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Signing Savvy is a sign language dictionary containing several thousand high resolution videos of American Sign Language (ASL) signs, fingerspelled words, and other common signs used within the United States and Canada.

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Signing Savvy is an ideal resource to use while you learn sign language. It includes the ability to view large sign videos, build your own word lists and share them with others, create virtual flash cards and quizzes, print signs, build sign phrases, ...and more

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5 Tips for Job Hunting as an Interpreter

5 Tips for Job Hunting as an Interpreter

Interpreter Tips   |  Tuesday, July 22, 2014

By Brenda Cartwright

This article is by Brenda Cartwright. Brenda is a seasoned interpreter, a master teacher, and well known presenter. Brenda is the "Dear Abby" for the interpreting world - author of the Dear Reality column in the VIEWS publication from Registry of Interpreters for the Deaf (RID) and the book Encounters With Reality: 1001 Interpreter Scenarios. She will be contributing blog articles for Signing Savvy on interpreting, Deaf culture, and answering a series of "Dear Brenda" interpreter questions.

Today applications for new jobs are increasingly offered exclusively via websites. With social media and our entire lives online most employers know quite a bit about you, including your reputation and writing skills, before they ever meet you face to face.  References have also become more important as references are sometimes the first people that interviewers speak to. 

Are you representing yourself well? How do you decide who to ask for a reference?

Here are 5 tips for laying the foundation for your job hunting and finding a good recommender:

1. Connect with Others

  • First impressions matter. Put your best foot forward.
  • Be personable and establish bonds with colleagues.

2. Represent Yourself Well Online

  • Who you are online reflects how people see you in person.
  • Don’t put anything on FB you aren’t proud of.
  • Go through your Facebook and delete anything (pictures and words) that gives you pause.

3. Send Professional Messages

  • Keep emails professional and purposeful.
  • Put thought into each email you send.
  • Re-read your emails before hitting “send.”

4. Choose a Good Recommender

  • Be realistic in assessing your relationships.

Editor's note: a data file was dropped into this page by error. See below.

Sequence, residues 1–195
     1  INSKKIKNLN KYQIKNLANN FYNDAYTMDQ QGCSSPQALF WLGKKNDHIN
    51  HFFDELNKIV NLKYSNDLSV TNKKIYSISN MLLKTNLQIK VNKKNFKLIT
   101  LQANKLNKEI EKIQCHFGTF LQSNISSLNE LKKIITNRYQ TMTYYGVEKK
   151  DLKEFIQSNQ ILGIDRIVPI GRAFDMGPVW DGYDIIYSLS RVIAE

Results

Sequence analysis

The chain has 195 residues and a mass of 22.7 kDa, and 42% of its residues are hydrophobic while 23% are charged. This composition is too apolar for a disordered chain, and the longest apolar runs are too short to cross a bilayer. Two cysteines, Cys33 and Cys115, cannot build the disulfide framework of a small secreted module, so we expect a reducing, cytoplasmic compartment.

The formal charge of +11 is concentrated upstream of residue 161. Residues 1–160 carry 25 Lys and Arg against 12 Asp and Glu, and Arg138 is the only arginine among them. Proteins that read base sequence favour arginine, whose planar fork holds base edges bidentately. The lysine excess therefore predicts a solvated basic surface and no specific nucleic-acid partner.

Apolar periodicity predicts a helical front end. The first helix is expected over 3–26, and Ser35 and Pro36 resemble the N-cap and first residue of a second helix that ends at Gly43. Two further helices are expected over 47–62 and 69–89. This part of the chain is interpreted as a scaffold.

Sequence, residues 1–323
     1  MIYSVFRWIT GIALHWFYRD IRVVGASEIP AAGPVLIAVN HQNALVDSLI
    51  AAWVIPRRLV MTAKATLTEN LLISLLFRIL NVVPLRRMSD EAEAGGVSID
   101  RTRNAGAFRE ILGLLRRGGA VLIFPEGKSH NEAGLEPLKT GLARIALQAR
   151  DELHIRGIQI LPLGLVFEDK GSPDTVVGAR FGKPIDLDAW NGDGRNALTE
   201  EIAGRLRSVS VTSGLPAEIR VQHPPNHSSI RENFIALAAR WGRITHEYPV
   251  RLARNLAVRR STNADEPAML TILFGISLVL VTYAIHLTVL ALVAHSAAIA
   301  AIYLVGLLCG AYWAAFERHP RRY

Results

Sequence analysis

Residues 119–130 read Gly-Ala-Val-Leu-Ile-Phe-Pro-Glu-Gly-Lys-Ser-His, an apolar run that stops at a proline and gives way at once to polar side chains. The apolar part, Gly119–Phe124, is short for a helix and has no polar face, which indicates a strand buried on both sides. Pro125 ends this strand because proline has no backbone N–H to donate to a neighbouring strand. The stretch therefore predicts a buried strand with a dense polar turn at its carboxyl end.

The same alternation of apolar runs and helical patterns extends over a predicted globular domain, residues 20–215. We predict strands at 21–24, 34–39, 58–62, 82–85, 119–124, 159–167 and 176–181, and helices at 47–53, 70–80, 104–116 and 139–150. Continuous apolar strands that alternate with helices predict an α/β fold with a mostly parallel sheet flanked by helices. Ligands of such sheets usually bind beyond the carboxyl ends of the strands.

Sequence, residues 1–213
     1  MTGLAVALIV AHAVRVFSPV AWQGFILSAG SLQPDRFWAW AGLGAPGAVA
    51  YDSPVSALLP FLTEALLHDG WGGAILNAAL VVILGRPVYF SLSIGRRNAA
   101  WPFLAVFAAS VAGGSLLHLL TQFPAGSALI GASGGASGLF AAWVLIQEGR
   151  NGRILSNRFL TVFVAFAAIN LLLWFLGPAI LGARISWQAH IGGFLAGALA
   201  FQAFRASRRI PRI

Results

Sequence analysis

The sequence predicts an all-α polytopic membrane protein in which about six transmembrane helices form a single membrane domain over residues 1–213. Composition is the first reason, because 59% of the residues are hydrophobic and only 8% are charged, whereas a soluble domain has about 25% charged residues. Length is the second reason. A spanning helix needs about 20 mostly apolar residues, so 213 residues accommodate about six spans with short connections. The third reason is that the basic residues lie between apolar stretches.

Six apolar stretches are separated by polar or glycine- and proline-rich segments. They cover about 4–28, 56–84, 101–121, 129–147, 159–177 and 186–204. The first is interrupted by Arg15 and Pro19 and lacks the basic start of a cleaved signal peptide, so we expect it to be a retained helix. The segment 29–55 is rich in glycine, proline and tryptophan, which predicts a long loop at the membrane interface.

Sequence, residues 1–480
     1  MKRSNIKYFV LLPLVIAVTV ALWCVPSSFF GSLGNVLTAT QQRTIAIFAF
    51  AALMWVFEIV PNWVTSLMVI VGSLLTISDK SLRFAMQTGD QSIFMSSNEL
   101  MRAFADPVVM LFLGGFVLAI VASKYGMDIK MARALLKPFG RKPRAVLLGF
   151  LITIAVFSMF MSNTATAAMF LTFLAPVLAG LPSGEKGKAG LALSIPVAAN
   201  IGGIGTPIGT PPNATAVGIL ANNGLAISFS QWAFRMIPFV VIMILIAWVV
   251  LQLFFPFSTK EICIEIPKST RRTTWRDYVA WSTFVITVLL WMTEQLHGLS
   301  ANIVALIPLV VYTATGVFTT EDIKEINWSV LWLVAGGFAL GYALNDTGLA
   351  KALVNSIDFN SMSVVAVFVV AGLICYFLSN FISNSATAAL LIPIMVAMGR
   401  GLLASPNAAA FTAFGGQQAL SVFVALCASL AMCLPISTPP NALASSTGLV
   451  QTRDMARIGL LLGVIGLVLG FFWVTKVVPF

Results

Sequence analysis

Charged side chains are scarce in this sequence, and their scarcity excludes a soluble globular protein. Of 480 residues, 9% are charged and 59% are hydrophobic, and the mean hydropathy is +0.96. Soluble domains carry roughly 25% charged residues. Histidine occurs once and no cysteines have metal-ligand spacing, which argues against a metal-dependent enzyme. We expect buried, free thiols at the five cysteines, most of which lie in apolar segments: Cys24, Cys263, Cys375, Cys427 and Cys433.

• Choose people you respect and who respect you.
  • Be sure the person you ask has a good reputation themselves.

5. Communicate with your Recommender

  • Contact your references before you put them down.
  • Be positive, respectful and grateful to the person writing you a letter of recommendation. 

Do you have other pointers? Share your thoughts in the comments below.

 

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About the Author

Brenda CartwrightBrenda Cartwright is a seasoned interpreter, a master teacher, well known presenter, and author of several best selling sign language and interpreting textbooks from the RID Press. For the last 30 years Brenda has been the Chair of the Sign Language Interpreter Program at Lansing Community College in Lansing, Michigan.

More about Brenda  |  Articles by Brenda

Using a Swiss Cheese Folder to Plug Holes in Education

Using a Swiss Cheese Folder to Plug Holes in Education

Teaching Tips   |  Monday, July 14, 2014

By John Miller

Being an educator of deaf children for over twenty years, I know the frustrations that occur when you are working with a student and continue to find gaps in their understanding of certain concepts. It’s shocking to find out that your second grader doesn’t know something like their middle name or their address. It’s easy to say to yourself, “Why didn’t the parents or the teachers before me teach this child this information?”  

Instead of pointing fingers, there is a simple way to keep track of these gaps - it's what I call a “Swiss Cheese Folder.” Anyone that interacts with the student can document information gaps and record them in one easily accessed folder.  The teacher or parents then help provide the information to fill in these information gaps, then ANYONE (teachers, parents, interpreters, therapists, social workers, paraprofessionals, bus drivers, grandparents and families) who has interactions with the student can open up the folder during their time with the students and help “fill in the holes in the Swiss Cheese.” Much of the information isn’t hard to learn once the child understands what the concepts are about, and often times many students are struggling with some of the same concepts.

Some very common things found in some student’s Swiss Cheese folder:

  1. Full Name
  2. Birthday
  3. Address
  4. Telephone Number
  5. Family Member’s Names
  6. Pet’s Names
  7. Days of the Week
  8. Months of the Year
  9. How many minutes in an hour?
  10. How many days in a year?
  11. How many items in a dozen?
  12. Telling Time
  13. Seasons
  14. Weather
  15. Colors
  16. Shapes
  17. Numbers
  18. Letter identification and matching upper and lower cases
  19. Emergency Information
  20. Answering questions about favorites…(what it means to have a favorite color, food, sport etc…)

These are also great topics that parents can work with their kids on over the summer.

When people work together, good things happen. “It takes a village to raise a child.”

Do you have other ideas of topics that would be good for a "Swiss Cheese" folder? Share your ideas in the comments below.

 

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